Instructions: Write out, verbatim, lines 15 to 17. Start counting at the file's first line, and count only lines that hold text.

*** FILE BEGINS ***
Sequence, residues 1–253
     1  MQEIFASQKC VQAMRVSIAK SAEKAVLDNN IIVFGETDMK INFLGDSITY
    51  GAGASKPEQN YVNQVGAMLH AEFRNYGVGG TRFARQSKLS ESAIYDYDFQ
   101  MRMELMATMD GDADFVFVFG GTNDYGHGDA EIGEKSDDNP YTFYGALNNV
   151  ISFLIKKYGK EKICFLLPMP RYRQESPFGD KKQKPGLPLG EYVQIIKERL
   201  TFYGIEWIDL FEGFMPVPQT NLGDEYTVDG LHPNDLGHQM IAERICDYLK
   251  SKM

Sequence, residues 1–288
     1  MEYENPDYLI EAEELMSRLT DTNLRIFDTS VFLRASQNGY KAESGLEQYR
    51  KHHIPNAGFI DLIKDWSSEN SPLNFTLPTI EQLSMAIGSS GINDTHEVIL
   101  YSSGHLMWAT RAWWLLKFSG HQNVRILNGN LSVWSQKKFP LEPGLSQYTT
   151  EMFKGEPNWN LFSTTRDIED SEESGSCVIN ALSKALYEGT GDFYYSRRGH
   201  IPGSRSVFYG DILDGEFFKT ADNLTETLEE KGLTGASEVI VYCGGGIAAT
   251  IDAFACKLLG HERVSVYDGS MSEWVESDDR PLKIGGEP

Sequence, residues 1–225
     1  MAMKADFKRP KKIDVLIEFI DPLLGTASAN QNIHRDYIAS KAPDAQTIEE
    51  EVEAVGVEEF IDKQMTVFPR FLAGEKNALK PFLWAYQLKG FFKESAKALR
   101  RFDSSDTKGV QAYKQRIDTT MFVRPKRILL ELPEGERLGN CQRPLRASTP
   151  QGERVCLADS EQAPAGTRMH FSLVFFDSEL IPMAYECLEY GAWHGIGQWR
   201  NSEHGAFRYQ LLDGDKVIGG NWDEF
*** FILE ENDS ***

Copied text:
Sequence, residues 1–225
     1  MAMKADFKRP KKIDVLIEFI DPLLGTASAN QNIHRDYIAS KAPDAQTIEE
    51  EVEAVGVEEF IDKQMTVFPR FLAGEKNALK PFLWAYQLKG FFKESAKALR